Home ESTHER LOITHERSTEIN, trustee, vs. INTERNATIONAL BUSINESS MACHINES CORPORATION.

11 Mass. App. Ct. 91

November 14, 1980 - December 26, 1980

Suffolk County

Present: BROWN, GREANEY, & KASS, JJ.

Under the terms of a ten year lease which gave the tenant a unilateral option to terminate the lease at the end of five years upon conditions that it give the lessor twelve months' prior written notice of its intention to exercise the option and that the tenant pay the lessor a termination charge at the time of termination, the option was not properly exercised where the lessor did not receive payment of the termination charge until six days after the termination date. [93-96]

CIVIL ACTION commenced in the Superior Court on March 4, 1977.

The case was heard by Ford, J., on motions for summary judgment.

Raymond J. Brassard for the defendant.

Joel A. Kozol for the plaintiff.


GREANEY, J. This case raises the question whether a lease executed between the plaintiff as trustee of 1505 Commonwealth Trust (trust) and International Business Machines Corporation (IBM) was properly terminated by IBM under an "Early Termination Option" at the end of the fifth year of its initial ten year term. The lease, dated November 1, 1967 (as amended on December 14, 1967), provided that IBM would lease the trust's land and buildings in Brighton for a term commencing on December 14, 1967, and ending on December 31, 1977, at an annual rent of $245,398.25 payable in monthly installments of $20,449.85. IBM subleased two small portions of the building and used the balance for a distribution center. Insofar as pertinent to

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this appeal, the amended lease contained the following provisions:

"22 [Early Termination Option]. Notwithstanding that the initial term hereof . . . is stated to be ten (10) years, the Tenant shall have the right to terminate this Lease at the end of the fifth year of the initial term hereof by giving at least twelve (12) months' prior written notice thereof to Landlord and upon the payment to Landlord of a termination charge in the amount of $27,237.20, which payment shall be made at the time of Lease termination."

"2 [Lease Amendment and Agreement]. In the event the Building Lease is terminated `at the end of the fifth year of the initial term' in accordance with the provisions of paragraph [22] thereof, the effective date of such termination shall be December 31, 1972."

The lease also provided that IBM's holding over after "expiration" of the term would create a month-to-month tenancy.

About December 8, 1971, IBM notified the trust that it was exercising its "option" under paragraph 22 to terminate at the end of the fifth year, effective December 31, 1972. This last date passed without the trust's receipt of the $27,237.20 termination charge. On January 5, 1973, the trust advised IBM that it considered the purported termination ineffectual because the specified payment had not been paid. IBM's check for the full amount arrived the next day. [Note 1] The trust rejected the "belated tender," and notified IBM that it considered the lease in full force and effect. On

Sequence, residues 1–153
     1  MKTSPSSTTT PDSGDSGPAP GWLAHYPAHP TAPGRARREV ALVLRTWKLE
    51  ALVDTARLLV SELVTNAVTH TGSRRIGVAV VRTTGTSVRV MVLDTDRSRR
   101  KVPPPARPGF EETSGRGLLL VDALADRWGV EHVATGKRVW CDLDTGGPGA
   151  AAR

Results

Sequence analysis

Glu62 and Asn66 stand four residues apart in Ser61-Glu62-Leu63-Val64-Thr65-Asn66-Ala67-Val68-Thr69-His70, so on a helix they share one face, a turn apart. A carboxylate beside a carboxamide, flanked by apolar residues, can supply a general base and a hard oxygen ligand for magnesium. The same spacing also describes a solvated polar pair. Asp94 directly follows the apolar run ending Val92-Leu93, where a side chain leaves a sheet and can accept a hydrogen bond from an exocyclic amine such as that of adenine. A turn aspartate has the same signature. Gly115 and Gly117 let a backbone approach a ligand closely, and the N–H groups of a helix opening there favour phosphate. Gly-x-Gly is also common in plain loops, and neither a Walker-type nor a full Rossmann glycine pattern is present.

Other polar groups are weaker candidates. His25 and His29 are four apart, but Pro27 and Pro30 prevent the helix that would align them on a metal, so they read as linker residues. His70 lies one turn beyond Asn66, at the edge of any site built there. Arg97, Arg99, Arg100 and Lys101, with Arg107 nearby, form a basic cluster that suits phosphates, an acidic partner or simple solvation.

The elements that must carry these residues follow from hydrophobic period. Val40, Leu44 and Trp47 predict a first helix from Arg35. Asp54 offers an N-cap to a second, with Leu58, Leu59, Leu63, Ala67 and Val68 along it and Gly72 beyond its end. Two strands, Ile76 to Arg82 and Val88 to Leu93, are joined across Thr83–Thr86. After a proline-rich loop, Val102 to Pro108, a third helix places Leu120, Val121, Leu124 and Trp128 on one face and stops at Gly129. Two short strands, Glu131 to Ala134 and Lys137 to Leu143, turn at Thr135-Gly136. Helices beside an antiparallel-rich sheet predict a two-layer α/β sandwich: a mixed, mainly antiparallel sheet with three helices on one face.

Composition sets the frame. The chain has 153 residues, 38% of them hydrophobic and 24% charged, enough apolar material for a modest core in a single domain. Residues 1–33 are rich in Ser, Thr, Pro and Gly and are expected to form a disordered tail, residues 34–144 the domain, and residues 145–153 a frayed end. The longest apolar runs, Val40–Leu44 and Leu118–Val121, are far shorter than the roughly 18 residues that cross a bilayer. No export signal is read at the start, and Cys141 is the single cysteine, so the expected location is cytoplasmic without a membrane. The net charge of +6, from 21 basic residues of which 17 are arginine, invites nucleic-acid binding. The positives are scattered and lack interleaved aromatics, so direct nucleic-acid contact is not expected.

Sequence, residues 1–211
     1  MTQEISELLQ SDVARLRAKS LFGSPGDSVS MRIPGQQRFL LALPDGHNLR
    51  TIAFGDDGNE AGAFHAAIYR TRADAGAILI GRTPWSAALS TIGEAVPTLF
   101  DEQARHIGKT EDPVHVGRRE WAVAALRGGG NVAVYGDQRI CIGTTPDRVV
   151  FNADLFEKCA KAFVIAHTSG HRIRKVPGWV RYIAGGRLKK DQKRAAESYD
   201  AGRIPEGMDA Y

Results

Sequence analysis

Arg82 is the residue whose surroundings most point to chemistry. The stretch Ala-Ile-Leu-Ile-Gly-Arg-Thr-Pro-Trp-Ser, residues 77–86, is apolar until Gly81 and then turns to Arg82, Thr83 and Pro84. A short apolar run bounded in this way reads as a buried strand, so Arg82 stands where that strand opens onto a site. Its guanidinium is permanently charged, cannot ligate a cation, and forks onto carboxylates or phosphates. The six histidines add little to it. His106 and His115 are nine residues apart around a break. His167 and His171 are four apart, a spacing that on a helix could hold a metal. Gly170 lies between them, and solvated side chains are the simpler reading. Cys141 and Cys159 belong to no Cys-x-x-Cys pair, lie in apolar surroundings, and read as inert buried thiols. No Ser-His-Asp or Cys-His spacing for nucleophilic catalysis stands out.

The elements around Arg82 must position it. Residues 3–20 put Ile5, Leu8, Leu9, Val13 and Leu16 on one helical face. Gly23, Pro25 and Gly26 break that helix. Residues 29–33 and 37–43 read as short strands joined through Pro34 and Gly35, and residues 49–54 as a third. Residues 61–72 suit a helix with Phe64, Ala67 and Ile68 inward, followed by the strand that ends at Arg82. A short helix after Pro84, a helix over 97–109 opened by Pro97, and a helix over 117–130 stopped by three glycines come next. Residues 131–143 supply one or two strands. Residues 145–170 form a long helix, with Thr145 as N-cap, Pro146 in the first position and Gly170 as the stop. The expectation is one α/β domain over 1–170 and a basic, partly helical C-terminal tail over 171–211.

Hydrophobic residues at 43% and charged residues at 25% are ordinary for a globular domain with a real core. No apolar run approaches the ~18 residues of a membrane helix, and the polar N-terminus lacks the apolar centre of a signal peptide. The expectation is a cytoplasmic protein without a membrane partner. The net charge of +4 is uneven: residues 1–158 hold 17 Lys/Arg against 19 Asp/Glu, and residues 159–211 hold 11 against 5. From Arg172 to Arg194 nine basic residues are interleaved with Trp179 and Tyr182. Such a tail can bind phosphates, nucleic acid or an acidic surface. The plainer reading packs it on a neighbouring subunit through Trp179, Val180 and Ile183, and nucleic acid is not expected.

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February 28, 1973, IBM vacated and moved its distribution center to Newton. This lawsuit followed.

On cross motions for summary judgment (Mass.R.Civ.P. 56[a],[b], 365 Mass. 824 [1974]), raising essentially the facts just outlined, partial judgment on liability was entered for the trust (rule 56 [c]), based on a special master's finding that IBM had failed seasonably to exercise its option rights. A single justice of this court authorized an interlocutory appeal by IBM from that judgment. Foreign Auto Import, Inc. v. Renault Northeast, Inc., 367 Mass. 464 , 470 (1975). Mansfield v. GAF Corp., 5 Mass. App. Ct. 551 , 552 (1977).

A lease for a term of years may properly be made subject to termination at a specified time, upon the occurrence of an event or events within the control of the party electing to terminate. See Owen v. Field, 102 Mass. 90 , 104 (1869); Shaw v. Farnsworth, 108 Mass. 357 , 360 (1871); Harrison v. Jordan, 194 Mass. 496 (1907); Papanastos v. Heller, 227 Mass. 74 , 76 (1917); Berman v. Rowell, 274 Mass. 260 , 266-267 (1931); Markey v. Smith, 301 Mass. 64 , 68-70 (1938). See also 1 American Law of Property Section 3.89 (Casner ed. 1952); Schwartz, Lease Drafting in Massachusetts Section 5.6, at 113 n.12 (1961); Annot., Option of One Party to Terminate Lease, 137 A.L.R. 362, 386-391 (1942). Such a provision creates a conditional limitation on the leasehold estate. 1 Tiffany, Real Property Section 148 (3d ed. 1939). An option to terminate by a tenant for years may operate as a conditional limitation. Id. See Markey v. Smith, supra at 69; Indian Ref. Co. v. Roberts, 97 Ind. App. 615, 634 (1933). When the conditions in the option are fulfilled, "the lease is determined by its own limitation, without any entry or other act to be done by the lessor." [Note 2] Wheeler v. Dascomb, 3 Cush. 285 , 288 (1849). See First Universalist Soc. v. Boland, 155 Mass. 171 , 174 (1892); Markey v. Smith, supra at 69.

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Apparently, when this lease was executed in 1967, IBM foresaw that business conditions might call for the distribution center's relocation to another site. Based on that prospect, IBM negotiated for, and obtained, the right to terminate the lease at the end of the fifth year. The termination provision created a conditional limitation on the leasehold estate; a right which was unilateral in nature, exclusively for IBM's benefit, and thus to be strictly construed. Cf. Torrey v. Adams, 254 Mass. 22 , 25-26 (1925); Lucey v. Hero Intl. Corp., 361 Mass. 569 , 573-574 (1972); Westinghouse Bdcst. Co. v. New England Patriots Football Club, Inc., 10 Mass. 70 , 73-74 (1980); United States v. T. W. Corder, Inc., 208 F.2d 411, 413 (9th Cir. 1953). We view the clause (as did three judges below) as necessitating for its proper exercise IBM's timely fulfilment of two conditions: (1) notice by December 31, 1971, that IBM intended to terminate the lease (which was done), and (2) payment by December 31, 1972, of a liquidated sum (which was not done). We reach this conclusion from: the paragraph's use of the word "and" to connect both conditions to the option's exercise, the fact that the "right to terminate" is expressly predicated "upon the payment . . . of a termination charge [as specified] . . . at the time of [the] lease termination," the fact that the "effective date of such termination shall be December 31, 1972" (emphasis supplied), and the absence of any provision governing the parties' rights if payment was not made by that date.